The buffering power of overt socially supportive and unsupportive behaviors from the significant other on posttraumatic stress disorder individuals’ emotional state
Article [Accepted Manuscript]
Is part ofAnxiety, Stress and Coping ; vol. 30, no 1, p.52-65
Publisher(s)Taylor & Francis
Social support is one of the three strongest predictors of posttraumatic stress disorder (PTSD). In the present study, we aimed to assess the buffering power of overt socially supportive and unsupportive behaviors from the significant other, in a group with PTSD and a comparison group. Design and methods: A total of 46 individuals with PTSD and 42 individuals with obsessive-compulsive disorder (OCD) or panic disorder (PD) completed diagnostic interviews and an anxiety-oriented social interaction with a significant other. Heart rate of participants was continuously measured during this interaction and overt social behaviors from the significant other were recorded on videotape and coded using a validated system. Results: Changes in heart rate in PTSD participants correlated negatively with changes in overt socially supportive behaviors from their significant other (r from −.36 to −.50, p < .05), while changes in overt unsupportive social behaviors from their significant other did not yield any significant correlation (r from −.01 to .05, p > .05). No such statistically significant association emerged in the group with OCD or PD (r from .01 to −.27, p > .05). Conclusions: This study sustain the buffering power of overt supportive behaviors from the significant other on heart rate changes in PTSD.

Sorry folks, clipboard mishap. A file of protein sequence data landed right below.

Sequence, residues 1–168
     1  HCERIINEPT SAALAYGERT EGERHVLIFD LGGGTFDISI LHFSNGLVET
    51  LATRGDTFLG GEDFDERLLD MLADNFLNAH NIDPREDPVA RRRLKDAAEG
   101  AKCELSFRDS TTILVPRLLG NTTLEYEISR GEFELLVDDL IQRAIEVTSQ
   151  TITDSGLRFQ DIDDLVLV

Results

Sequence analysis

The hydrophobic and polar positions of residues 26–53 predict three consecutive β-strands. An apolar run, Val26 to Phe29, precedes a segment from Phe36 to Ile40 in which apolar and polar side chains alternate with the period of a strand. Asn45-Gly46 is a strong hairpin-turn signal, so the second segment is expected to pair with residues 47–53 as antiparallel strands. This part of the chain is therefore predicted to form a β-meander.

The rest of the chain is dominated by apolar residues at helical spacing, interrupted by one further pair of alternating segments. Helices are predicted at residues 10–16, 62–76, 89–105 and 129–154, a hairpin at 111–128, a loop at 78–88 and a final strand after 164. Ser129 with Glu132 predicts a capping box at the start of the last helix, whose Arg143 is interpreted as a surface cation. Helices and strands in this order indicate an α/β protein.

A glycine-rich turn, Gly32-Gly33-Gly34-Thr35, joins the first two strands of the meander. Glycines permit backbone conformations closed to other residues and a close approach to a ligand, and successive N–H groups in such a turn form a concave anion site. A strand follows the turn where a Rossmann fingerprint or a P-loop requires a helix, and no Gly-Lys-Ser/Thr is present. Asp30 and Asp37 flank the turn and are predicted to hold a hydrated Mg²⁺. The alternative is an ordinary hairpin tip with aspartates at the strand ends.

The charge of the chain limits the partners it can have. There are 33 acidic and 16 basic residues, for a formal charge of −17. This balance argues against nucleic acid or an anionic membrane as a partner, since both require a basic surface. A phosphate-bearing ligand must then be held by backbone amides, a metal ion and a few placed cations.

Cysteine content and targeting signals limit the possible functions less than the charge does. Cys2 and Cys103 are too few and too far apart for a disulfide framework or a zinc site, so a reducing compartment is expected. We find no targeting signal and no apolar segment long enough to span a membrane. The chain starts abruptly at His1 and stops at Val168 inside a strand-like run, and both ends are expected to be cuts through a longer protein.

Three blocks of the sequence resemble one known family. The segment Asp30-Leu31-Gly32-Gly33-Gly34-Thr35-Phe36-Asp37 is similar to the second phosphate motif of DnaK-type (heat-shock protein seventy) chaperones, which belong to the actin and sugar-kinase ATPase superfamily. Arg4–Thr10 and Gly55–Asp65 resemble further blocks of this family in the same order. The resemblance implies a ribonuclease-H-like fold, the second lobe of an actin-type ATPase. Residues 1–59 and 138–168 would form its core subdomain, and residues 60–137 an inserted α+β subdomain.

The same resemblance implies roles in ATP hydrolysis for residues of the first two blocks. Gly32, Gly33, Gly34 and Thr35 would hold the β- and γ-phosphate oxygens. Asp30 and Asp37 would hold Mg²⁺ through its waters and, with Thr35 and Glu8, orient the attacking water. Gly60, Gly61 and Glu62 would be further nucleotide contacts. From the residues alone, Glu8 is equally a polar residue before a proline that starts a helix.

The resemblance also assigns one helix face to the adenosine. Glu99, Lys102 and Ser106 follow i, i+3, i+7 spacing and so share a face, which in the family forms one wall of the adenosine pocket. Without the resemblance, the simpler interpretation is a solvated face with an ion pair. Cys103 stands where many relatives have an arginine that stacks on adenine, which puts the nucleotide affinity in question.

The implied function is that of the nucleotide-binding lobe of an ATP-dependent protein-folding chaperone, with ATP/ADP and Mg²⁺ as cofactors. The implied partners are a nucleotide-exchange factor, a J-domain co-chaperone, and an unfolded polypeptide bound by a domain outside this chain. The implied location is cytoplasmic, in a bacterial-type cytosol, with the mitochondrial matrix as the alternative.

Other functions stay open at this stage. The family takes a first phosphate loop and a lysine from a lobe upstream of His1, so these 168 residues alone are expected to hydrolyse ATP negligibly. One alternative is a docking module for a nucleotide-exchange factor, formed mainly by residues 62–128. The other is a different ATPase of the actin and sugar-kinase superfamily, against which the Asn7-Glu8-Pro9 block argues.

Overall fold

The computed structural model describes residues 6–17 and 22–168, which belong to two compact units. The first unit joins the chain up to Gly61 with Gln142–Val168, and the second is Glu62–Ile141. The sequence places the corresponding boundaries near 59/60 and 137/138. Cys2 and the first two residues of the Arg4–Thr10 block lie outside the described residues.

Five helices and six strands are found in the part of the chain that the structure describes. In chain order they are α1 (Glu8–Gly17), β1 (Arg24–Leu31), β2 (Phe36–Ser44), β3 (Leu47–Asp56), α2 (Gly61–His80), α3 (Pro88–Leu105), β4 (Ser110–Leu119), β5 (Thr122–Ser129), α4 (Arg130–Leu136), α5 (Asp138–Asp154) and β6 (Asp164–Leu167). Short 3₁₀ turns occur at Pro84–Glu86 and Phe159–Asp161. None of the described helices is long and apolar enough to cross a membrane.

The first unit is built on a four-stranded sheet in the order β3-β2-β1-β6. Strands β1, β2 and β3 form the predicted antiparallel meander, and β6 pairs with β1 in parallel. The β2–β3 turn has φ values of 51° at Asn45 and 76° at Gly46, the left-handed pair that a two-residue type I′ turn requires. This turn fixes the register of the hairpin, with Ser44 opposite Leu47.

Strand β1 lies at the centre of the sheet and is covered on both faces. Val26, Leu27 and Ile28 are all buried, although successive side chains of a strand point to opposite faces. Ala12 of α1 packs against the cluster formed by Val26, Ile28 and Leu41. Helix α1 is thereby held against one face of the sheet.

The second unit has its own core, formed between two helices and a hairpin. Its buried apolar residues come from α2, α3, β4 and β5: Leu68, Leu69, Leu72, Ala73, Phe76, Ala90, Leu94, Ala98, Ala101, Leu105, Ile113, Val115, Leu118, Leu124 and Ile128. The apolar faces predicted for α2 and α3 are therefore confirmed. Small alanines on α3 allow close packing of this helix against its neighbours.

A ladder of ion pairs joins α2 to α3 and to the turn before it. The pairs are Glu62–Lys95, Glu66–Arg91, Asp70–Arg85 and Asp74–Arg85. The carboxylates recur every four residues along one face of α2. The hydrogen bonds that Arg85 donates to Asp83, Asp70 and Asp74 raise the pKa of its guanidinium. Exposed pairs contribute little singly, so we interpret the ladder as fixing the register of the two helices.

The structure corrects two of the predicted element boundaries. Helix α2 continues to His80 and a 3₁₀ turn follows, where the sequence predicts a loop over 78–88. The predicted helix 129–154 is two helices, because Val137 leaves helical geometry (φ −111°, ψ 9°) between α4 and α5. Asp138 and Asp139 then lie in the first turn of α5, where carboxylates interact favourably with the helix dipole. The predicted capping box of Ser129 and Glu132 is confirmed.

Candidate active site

Guay, Stéphane, Nachar, Nadim, Lavoie, Marc E., Marchand, André & O'Connor, Kieron P. (2017, juin). The buffering power of overt socially supportive and unsupportive behaviors from the significant other on posttraumatic stress disorder individuals' emotional state. Anxiety Stress Coping, 30(1), 52-65. doi: 10.1080/10615806.2016.1194400